Reading Round Up
By Elizabeth Wroten
Reading Round Up
On 17, Dec 2012 | In Reading Round Up | By Elizabeth Wroten
Here is a collection of links (with comments, because it wouldn’t be complete with out my blatherings) of various things that I have been reading online over the past few days. They are all things I have found interesting and pertinent.
Oops, I did it again: Forbes article on the war over eBooks. I know I’m fed up with hearing about eBooks, but they are important. I know I don’t have experience as a purchaser of eBooks for libraries, but I can certainly see and understand how problematic it is. I do tend to agree that we need a new model for purchasing them and I also agree that the status quo (and the stalemate) are not doing anyone any good.
I would also like to add that, I wish book publishers would also stop thinking about eBooks as physical books. Let’s not have a legacy culture in eBooks, with pricing or with format. The technology we have now and will have can open up the book experience. (Upcoming post about how I think children’s eBooks are busting out of the mould).
Yes, just yes: Oh how I want to have a drink with these ladies. I also want to start up a Sacramento chapter of their book club. Any takers? This blog is now added to my reader.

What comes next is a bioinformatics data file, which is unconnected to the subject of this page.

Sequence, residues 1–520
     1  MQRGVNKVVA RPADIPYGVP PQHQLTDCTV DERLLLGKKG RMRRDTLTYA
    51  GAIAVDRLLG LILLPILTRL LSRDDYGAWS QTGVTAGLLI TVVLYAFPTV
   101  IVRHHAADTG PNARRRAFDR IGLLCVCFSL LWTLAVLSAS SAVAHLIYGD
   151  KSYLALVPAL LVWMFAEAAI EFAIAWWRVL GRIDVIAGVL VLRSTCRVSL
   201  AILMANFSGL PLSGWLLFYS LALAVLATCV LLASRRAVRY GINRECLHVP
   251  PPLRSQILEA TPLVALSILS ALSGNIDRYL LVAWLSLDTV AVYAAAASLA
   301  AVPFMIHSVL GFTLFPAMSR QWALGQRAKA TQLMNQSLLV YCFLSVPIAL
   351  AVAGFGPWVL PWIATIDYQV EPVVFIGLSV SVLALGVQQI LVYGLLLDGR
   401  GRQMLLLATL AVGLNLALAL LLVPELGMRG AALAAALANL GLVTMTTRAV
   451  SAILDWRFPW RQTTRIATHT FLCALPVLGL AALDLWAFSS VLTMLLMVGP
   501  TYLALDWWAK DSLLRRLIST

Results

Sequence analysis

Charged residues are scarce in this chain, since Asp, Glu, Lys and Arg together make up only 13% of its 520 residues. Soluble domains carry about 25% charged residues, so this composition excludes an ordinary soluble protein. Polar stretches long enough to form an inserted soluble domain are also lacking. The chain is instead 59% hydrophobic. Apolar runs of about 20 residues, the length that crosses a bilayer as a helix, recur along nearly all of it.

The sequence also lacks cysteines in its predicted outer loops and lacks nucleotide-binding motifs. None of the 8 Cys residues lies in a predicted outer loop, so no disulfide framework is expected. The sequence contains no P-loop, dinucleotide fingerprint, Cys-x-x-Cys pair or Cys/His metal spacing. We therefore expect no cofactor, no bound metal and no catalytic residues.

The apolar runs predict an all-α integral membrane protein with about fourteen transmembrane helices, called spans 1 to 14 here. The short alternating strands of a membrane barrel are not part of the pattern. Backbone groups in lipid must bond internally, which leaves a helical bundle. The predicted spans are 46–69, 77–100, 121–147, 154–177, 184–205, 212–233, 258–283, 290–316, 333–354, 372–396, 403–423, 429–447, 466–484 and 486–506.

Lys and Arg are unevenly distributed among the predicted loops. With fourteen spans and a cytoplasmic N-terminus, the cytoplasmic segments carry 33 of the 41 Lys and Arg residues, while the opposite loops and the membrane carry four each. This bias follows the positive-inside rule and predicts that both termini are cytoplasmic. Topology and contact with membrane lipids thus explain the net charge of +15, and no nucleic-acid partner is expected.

Timely: I thought this was a timely article given the post I wrote a few days ago to the Octagon. I’m not sure Facebook in schools can really be considered intellectual freedom, but if you begin encroaching on one thing it’s easier to get to the next. I would rather err on the side of caution. Personally. I also know there are a lot of reasons for not.
Brain Pickings: Okay, I subscribe to this weekly email. They review books and talk about stuff. Existential, brainy, think-y stuff. Sometimes I skim it, sometimes I read it top to bottom. It is always thought provoking and I love it. Found this particular article reviewing a book about how to talk about books you’ve never read. I think, as the skill is described, it is a skill all librarians need to have and need to continually fine tune. There (sadly) isn’t enough time to read everything, but we need to sell it and we need to be able to place it in a framework (as the book/article suggests). Take some time with this little piece. I think it will resonate with librarians.